Standard kit is very good across the range, with even the basic Kuga model getting 17” alloys, sports seats and cruise control.
It’s big and brawny, but you know what? It’s a good-looking middleweight.
Bit Cheap Inside
It looks good on the outside but still lags behind rivals inside.
Costly To Run
Go for front-wheel-drive diesel model if running costs are top of your list of priorities, but cars like this are always going to struggle on the efficiency front.
Ford Kuga Estate vs Volkswagen Tiguan Estate vs Nissan Qashqai Estate
Let’s see how the car measures up against its rivals in the comparison section of our Ford Kuga Estate review.
Ford Kuga Estate vs Volkswagen Tiguan Estate
The Volkswagen Tiguan Estate is a premium alternative to the Kuga. It stocks lots of impressive new tech, a powerful selection of engines, and lots of space.
The Tiguan has never been a car to send shivers down your spine, but its on-the-road abilities are not awful. It is, however, more quiet and comfortable than engaging. Fit it with the Dynamic Chassis Control, which is available as an optional extra, and it’s even more comfortable.
The Tiguan is a model of composure, even at speed. It’s also impressively agile for such a large car, though it isn’t able to absorb bumps as well as you’d like.
Our pick of the diesel engines is a 2.0-litre unit that can deliver up to 148bhp. It comes paired up with a DSG automatic transmission that’s responsive and smooth, but it gets a bit panicky if you suddenly put your for down. A more powerful 237bhp variant is faster and can do 0-62 in 6.5 seconds.
VW have decided to drop the option of two-wheel-drive for the 2.0-litre petrol engine, which means you can only get it with four-wheel-drive. While this has its obvious advantages, such as more grip, it does mean that fuel consumption and CO2 will go up. By how much? Well, it can achieve fuel economy returns of 38.2mpg while costing you £210 a year in road tax.
A smaller 1.4-litre 148bhp petrol is available. It still fast, and can cover the 0-62mph stretch in 9.2 seconds. It’s cheaper to run than the 2.0-litre petrol, and can achieve fuel economy returns of 49.6mpg while costing £110 a year in road tax.
Naturally, the diesel engines are the most frugal. The cheapest of them all to run is the 2.0-litre 148bhp variant, which returns 60.1mpg and costs £110 a year to tax.
The Tiguan’s interior looks modern and well-built. It looks similar to the Golf and Passat’s cabins, which means that, while there isn’t much flair, there is plenty of quality. This is clearly a premium product that is on par with the likes of the BMW X1 and the Audi Q3. The infotainment screen is set high for ease of use, and though there are some harder plastics further down, you’re mostly treated to soft touch materials.
The new Tiguan Estate offers more interior space than last time. There is more head and legroom for all, the rear seats can be slide forward and backwards for more space, while the boot measures 615-litres. This means it’s 145-litres bigger than last time, and is more flexible. For example, the variable height floor is a useful addition.
Ford – £20,250 – £34,000
VW – £23,150 – £37,000
Ford Kuga Estate vs Nissan Qashqai Estate
The new Nissan Qashqai is an appealing, friendly-looking and hugely popular large family car that is one of the top sellers in this sector.
The Qashqai is good fun to drive, especially on twisting lanes where its resistance to body lean really proves its worth. The steering is fairly heavy at speed, and this means that the car doesn’t twitch at each touch.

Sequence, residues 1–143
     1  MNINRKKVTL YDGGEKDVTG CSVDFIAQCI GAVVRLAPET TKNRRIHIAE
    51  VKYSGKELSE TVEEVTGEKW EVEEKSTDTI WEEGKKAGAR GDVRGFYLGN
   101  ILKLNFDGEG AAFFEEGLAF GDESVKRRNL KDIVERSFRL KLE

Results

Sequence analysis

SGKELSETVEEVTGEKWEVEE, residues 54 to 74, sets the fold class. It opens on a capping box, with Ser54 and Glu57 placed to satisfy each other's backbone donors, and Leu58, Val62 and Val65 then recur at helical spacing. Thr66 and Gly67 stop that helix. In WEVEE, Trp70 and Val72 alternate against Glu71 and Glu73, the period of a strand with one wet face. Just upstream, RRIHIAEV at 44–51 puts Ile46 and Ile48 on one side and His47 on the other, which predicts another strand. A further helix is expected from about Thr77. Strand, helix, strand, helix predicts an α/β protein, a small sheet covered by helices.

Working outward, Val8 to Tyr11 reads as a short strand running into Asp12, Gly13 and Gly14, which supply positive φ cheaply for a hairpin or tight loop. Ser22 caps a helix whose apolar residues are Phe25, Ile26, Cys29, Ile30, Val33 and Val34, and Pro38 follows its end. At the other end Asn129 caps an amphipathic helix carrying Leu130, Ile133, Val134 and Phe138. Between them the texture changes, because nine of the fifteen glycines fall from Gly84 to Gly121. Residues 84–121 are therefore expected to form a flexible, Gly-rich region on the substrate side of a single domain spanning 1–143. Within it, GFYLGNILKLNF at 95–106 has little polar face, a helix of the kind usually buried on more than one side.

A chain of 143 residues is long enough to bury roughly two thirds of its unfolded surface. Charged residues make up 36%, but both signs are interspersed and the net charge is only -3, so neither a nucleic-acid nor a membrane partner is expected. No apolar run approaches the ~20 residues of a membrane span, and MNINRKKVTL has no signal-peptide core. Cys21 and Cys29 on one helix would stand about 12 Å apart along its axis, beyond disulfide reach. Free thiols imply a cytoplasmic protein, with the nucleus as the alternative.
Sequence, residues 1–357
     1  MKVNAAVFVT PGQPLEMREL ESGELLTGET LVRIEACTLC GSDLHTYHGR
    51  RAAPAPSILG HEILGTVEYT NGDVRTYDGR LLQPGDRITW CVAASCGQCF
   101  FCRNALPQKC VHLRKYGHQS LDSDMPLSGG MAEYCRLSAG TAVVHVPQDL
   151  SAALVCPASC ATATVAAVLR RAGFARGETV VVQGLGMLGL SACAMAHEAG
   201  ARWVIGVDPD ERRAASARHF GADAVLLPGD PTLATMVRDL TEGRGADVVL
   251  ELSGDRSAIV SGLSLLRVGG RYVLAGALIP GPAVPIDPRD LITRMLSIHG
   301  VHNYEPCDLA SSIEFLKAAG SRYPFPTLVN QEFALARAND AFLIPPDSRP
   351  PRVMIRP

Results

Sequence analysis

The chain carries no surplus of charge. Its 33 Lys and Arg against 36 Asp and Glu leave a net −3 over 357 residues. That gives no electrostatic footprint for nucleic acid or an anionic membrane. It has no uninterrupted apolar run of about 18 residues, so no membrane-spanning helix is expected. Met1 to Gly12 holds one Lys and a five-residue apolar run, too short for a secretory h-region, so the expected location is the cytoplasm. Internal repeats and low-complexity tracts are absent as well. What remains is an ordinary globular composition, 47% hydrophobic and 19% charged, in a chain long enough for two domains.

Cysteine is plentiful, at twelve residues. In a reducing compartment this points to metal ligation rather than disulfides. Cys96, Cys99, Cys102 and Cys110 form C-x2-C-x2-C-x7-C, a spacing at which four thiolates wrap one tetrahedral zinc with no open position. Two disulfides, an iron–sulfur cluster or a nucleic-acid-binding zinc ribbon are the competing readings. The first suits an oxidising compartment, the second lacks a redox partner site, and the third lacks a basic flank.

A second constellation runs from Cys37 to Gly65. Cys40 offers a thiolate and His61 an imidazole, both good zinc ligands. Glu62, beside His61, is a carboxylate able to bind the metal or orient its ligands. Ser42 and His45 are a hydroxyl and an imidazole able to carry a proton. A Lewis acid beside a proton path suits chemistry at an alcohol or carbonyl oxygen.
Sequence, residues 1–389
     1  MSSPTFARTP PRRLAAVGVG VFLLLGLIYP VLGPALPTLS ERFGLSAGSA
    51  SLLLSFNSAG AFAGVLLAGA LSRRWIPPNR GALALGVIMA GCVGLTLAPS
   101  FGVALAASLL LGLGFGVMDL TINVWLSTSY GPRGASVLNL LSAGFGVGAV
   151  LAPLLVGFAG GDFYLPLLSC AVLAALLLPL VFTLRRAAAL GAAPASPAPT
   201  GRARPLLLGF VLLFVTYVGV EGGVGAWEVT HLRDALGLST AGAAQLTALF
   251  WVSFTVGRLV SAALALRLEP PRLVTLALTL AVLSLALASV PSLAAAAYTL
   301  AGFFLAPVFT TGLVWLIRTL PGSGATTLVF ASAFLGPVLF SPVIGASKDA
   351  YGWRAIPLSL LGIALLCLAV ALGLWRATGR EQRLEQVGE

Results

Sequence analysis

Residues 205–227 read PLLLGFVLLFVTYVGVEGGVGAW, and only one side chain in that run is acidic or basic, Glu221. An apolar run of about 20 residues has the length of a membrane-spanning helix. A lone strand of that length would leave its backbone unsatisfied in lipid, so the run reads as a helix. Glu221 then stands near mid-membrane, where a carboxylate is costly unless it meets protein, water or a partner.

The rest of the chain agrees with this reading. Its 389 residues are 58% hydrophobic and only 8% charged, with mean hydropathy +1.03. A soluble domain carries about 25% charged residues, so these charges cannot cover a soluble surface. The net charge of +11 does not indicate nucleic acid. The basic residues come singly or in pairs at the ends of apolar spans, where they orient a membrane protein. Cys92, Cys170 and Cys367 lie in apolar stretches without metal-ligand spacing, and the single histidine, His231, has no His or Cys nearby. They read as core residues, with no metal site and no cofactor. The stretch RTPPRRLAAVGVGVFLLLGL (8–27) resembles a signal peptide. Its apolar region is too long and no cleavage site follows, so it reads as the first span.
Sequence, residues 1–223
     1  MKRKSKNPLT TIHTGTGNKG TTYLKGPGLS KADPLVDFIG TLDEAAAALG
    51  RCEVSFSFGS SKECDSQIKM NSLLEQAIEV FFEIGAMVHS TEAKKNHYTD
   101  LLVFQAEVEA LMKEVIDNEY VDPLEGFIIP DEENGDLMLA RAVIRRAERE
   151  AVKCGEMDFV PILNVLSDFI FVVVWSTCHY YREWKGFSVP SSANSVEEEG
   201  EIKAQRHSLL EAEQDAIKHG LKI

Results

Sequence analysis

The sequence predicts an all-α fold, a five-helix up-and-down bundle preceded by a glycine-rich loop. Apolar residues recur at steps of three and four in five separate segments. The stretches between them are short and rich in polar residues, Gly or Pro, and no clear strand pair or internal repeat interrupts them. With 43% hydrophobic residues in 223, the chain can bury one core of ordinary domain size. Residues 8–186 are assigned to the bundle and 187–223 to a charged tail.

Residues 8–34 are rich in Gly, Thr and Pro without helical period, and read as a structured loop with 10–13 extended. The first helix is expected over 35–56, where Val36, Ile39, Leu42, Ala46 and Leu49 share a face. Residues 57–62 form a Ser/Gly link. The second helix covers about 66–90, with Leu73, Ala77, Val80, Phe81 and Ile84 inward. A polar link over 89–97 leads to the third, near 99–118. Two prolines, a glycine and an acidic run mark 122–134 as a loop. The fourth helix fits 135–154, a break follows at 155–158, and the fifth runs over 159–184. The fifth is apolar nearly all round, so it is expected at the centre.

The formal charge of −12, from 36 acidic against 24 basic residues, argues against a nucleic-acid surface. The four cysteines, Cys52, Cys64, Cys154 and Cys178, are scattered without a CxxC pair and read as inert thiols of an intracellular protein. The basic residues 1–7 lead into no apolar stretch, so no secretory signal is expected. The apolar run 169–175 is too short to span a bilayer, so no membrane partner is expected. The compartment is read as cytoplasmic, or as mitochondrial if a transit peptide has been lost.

We like the 1.5-litre diesel engine. It isn’t what you’d call fast, but it’s got enough shove to make the car a good motorway cruiser. It can do 0-62 in 11.9 seconds which, although not eye-catching, is surely satisfactory for most families who buy cars like this.
The bigger 1.6-litre diesel has more pace and power, and can cover the same distance in less than 10 seconds. It also benefits from four-wheel-drive, which improves grip and confidence. It also comes with a CVT automatic ‘box, which Nissan have done well to quieten down (they usually sound strained).
If you’ll be doing most of your driving in urban sprawls, the 1.6-litre DIG-T petrol engine is a good choice. It can get you from rest to 62mph n 9.1 seconds before maxing out at 124mph.
Running costs are excellent for a car of this size. It won’t be as cheap to run as a family hatchback, but returns of 74.3mpg from the 1.5-litre diesel engine can’t be sniffed at. This unit is also free to tax, and it’s the Qashqai’s most popular engine. The 1.6-litre diesel returns 64.2mpg, while the petrols’ mpg figures are down in the high forties.
Refined, stuffed with advanced tech, and well-built, the cabin is one of this car’s other strengths. The dash boasts plenty of soft-touch plastics, the buttons are easy to find and use, while the infotainment system is even better and more intuitive than last time around.
Despite sporting the same dimensions as the Ford Focus Hatchback, the Qashqai is very practical. Being smaller than the Kuga means it’s easier to park and get into your garage, but interior space is still good. There is lots of head and legroom available upfront and in the back, but a panoramic glass roof will reduce head space somewhat in the rear. The boot measures 430-litres and comes with a false floor.
For one reason or another, the option of a third row of seats has been dropped for this second generation Qashqai.
Nissan – £18,500 – £29,400
Verdict Of Our Ford Kuga Estate Review
This has always been a more-than capable mid-size SUV, but it’s starting to lag behind rivals. It’s not as precise to drive as it used to be, and its interior doesn’t meet the high standards set elsewhere in this class.
However, it does what you want cars like this to do. It’s absolutely huge inside and can offer one of the biggest boots in this market. The Ford Kuga Estate is practical, well-equipped and self-assured on the road.